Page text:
Admitting my mistake

Published 12:00 am Monday, January 14, 2008

To be a man, one has to admit when he’s wrong.

I’m wrong and I’m man enough to admit it.

On the issue of the proposed US 13 bypass of Ahoskie, I’m wrong to let my little half-acre of heaven, one which sits on the edge of one of the proposed bypass routes, stand in the way of progress. God forbid me from preventing the motoring public, some of whom may be my friends and others who are total strangers from out-of-state, from having the luxury of reaching Point B from Point A in the quickest and most efficient way available.

Therefore, I will surrender my land to the state if they so choose to make an attractive offer. All I ask in return is that the state Department of Transportation thoroughly and accurately considers, without the interference of politics, which of two major north-south corridors in the Roanoke-Chowan area should be improved.

If there was one major thing I learned from last week’s Citizens Against the Ahoskie Bypass meeting at Hertford County High School, it was DOT must have loads of money to spend. I made that assumption based on the fact that the state apparently overlooked the strengths that NC 11 has as a worthy alternative as both a bypass and a major player in the economic development of the R-C area as well as eastern North Carolina.

I built my facts on questions I posed to Kim Gillespie, a DOT engineer in attendance at last week’s meeting. I asked her to explain how DOT projects such as a bypass get started. She answered that all factors n population growth, economic impact, etc. n are considered as well as DOT planners in Raleigh are always looking “20-to-30 years down the road” in an effort to keep abreast of future needs.

If DOT is indeed keeping informed and up-to-date, I beg to question why wasn’t NC 11 the first consideration as a possible bypass of Ahoskie? I’m not a math genius by any stretch of the imagination, but if one already has pre-purchased right-of-way (to expand to four lanes) in their hip pocket along an existing 20-plus mile of two-lane road, then why does the state want to spend an estimated $8.85 million to buy right-of-way and then add another $102.4 million for construction of a road that must be built from scratch?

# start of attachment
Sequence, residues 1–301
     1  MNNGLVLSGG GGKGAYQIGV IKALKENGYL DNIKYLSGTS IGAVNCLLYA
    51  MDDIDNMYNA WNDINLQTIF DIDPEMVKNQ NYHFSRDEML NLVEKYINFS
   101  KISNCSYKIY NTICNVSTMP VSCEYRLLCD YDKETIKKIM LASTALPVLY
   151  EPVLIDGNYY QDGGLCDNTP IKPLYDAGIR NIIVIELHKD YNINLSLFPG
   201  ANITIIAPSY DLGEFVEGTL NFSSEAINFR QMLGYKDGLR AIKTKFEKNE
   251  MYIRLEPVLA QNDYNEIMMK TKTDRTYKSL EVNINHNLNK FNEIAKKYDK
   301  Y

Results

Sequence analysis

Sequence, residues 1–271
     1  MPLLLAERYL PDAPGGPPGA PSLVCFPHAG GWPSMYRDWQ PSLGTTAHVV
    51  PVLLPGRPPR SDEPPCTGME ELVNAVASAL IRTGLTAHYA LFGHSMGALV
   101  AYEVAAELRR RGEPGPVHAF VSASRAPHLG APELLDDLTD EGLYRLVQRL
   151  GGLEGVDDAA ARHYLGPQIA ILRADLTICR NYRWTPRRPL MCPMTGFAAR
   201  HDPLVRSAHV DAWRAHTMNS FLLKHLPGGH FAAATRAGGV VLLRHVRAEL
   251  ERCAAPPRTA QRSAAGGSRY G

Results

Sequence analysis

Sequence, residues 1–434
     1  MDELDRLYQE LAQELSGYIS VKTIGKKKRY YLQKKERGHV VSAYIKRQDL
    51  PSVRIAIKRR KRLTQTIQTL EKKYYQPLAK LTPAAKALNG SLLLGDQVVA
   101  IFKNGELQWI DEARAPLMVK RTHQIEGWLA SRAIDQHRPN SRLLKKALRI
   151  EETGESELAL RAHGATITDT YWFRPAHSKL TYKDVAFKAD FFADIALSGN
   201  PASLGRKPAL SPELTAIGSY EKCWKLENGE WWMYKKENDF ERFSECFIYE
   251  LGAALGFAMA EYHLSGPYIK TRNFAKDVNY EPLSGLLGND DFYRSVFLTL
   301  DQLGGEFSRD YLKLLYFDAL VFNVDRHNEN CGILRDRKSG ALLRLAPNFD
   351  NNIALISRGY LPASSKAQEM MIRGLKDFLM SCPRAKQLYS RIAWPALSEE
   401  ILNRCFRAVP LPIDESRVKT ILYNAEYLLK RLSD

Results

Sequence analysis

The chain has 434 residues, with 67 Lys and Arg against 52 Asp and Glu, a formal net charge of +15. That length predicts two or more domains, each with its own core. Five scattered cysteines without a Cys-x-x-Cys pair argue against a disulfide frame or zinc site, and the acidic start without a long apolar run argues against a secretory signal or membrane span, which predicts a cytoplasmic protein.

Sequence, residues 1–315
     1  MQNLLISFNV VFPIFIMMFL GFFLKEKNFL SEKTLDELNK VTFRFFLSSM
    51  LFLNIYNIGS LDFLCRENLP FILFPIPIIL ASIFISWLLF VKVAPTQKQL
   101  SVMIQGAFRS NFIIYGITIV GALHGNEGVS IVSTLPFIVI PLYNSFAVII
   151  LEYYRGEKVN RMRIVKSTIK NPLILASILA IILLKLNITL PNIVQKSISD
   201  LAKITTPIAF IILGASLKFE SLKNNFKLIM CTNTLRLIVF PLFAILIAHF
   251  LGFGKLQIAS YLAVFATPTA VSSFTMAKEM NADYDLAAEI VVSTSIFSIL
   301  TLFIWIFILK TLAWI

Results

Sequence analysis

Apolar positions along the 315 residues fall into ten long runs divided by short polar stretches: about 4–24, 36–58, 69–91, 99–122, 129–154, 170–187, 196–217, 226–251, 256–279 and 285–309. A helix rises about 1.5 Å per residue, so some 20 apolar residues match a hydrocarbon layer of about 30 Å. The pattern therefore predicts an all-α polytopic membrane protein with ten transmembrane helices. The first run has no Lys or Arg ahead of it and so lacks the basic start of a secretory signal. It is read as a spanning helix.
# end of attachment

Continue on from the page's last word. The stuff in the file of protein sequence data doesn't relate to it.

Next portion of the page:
Forget for the moment all the homes, farms, businesses and churches that stand in the way of the proposed US 13 bypass (no matter which of the now five alternative routes are chosen). We all pay state taxes, so let’s look at this from a money standpoint. Why would taxpaying citizens agree to allow DOT to spend our money unnecessarily? Why would be want to spend nearly $9 million to purchase right-of-way for up to 16 miles when we, as taxpaying citizens, already own right-of-way along a stretch of 20-plus miles that would serve the same purpose? I know it’s not equal in value, but if someone gave me a $30,000 vehicle as a Christmas gift, am I going to run out and buy a new vehicle?

DOT must think they have more money than Bill Gates, but they seem to forget where that money came from.

I’m all for my tax money being spent in the most prudent way possible. Purchasing right-of-way that already exists along another route and then building a road from the ground up, when we already have a roadbed ready for expansion, would be the biggest waste of tax dollars in the history of North Carolina.

And I don’t want to hear the excuse that the only reason we in Ahoskie and Hertford County want to four-lane NC 11 is so we can get to Greenville faster and shop ‘til we drop. No, NC 11 just makes better sense from a money standpoint. Plus, that road serves the region’s largest employer (Perdue Farms) and allows for a better transportation route for the area’s second largest employer (Nucor) not to mention it’s a faster, closer route that links Hertford, Gates, western Bertie County and eastern Northampton County to the US 64 corridor. In a day of $3-plus for a gallon of gas, aren’t we all looking for the shortest routes to travel?

If I’m wrong on this, then come take my land in order for Ahoskie to become the gateway for future development along the US 17 corridor. I will not be able to live with myself if I prevent growth from occurring in cities such as Little Washington, New Bern and Jacksonville (which, by the way, are NOT located along either US 13 or NC 11).